A Game of Numbers, developed by Joseph Michels, is a rewarding puzzle game where you navigate levels using mathematical equations. Stepping away from the sometimes overwhelming nature of educational games, Number (for a shorter name) manages to remain entertaining, challenging, and at the same time engages your brain.
A Game of Numbers started as a Ludum Dare entry, which is a popular Indie Game Development Competition. Michels’ game managed to place 14th overall out of around 1,600 entries. This feat has inspired Joseph into creating a full-version of the game. The currently playable web-based version consists of a few levels that introduce the mechanics to the player. The full-version promises to have around 75 levels, along with a level designer for players.
I was fortunate enough to have Joseph answer a few of my questions about the game, and his future in game development. You can find his answers below.
Q) What was the inspiration behind Numbers?
My inspiration for Ludum Dare games usually starts with the theme, which was minimalism for this one. The way I try to design games is to take a game idea, and keep cutting out elements until you get down to the core element of fun, then try to base a game around that. My thought was to take a roguelike and cut out everything except your health, essentially you would just be a number. The enemies would also be nothing more than a number and an operation. Each enemy would only be able to attack the player once and it would apply their operation on the player’s number. The goal was going to be to see how long you could keep your number above 0.
As I began working on it, the idea didn’t really work out very well, so it kinda evolved into more of a puzzle game. My wife, who happens to be a high school math teacher, played a couple of levels that I had thrown together, and she really liked it and thought it was something that her students might enjoy. I decided to focus in on that and try to make clever puzzles that rely on the application of math. My goal and phrase I’ve been throwing around is “Fun if you like math, still fun if you don’t” which is something I hope people agree with. That’s my big motivation for this project, make something fun and engaging, but that also has some educational value.
Q) If you can reveal anything, what can we look forward to in the enhanced version?
The first big thing is more levels. The old version had about 13 levels, most of which were just teaching you the mechanics. The enhanced version will have around 75 levels. It also features some improved visuals, music, and sound effects. I have also added a couple of new mechanics that allow for some more interesting puzzles.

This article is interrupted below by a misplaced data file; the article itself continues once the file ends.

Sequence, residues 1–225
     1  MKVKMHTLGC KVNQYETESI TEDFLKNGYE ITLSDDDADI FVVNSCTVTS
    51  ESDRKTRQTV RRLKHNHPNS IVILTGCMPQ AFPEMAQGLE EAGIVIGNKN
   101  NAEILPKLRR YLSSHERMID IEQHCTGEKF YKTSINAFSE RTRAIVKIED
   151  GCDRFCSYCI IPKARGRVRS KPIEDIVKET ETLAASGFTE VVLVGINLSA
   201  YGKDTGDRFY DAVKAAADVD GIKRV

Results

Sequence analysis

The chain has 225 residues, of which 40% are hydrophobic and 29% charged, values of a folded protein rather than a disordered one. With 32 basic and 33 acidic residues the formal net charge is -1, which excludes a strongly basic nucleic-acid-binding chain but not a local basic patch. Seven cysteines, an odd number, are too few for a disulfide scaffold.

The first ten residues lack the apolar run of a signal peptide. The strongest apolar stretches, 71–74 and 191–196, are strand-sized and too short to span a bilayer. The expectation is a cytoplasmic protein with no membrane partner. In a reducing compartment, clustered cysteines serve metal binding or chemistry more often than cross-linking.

Another key feature that I’m really excited about is the included editor. Players will be able to create their own levels, upload them and make them available for other players to download. I look forward to seeing what people will create because I’m sure they will come up with lots of ideas that I would have never thought of.
Q) You say you’re planning to develop a mobile version as well. How, if at all, will this take advantage of the unique gaming capabilities (touch, motion control etc.)?
As far as touch and motion controls, I doublt I will do anything overly special with those. You will control movement with touch, but it will either be a tap or swipe in the direction you want to go, which is pretty common. What I really like about the mobile platform is that it works really well for games that can be broken down into small chunks of time, which is perfect for this game. If you have a couple of minutes, you can jump in and play a couple of levels, and then be done.
Q) I’d love to see what you come up with next. Do you have any plans for future games?
I have a couple of different ideas, but nothing really definitive. I do know that I like working on smaller scale projects, so it will probably be something that I can realistically finish in around 6 months. Whenever I get to the point of having something to show/announce, I’ll send it your way to see what you think.
A Game of numbers is planned for release on August 13th, and will cost $5. It will be available on PC, Mac and Linux. A Mobile version is planned for a future release. If you want to purchase it, be sure to check in on the game’s website around that date. I personally really look forward to giving the full-version a playthrough, and you can almost definitely expect a full review. If you’d like to learn more, check out Joseph’s work using the links below.
Game Website: http://agameofnumbers.com/
Joseph’s Blog: http://joedev.net/wordpress/
Ludum Dare Entry: http://www.ludumdare.com/compo/ludum-dare-26/?action=preview&uid=4628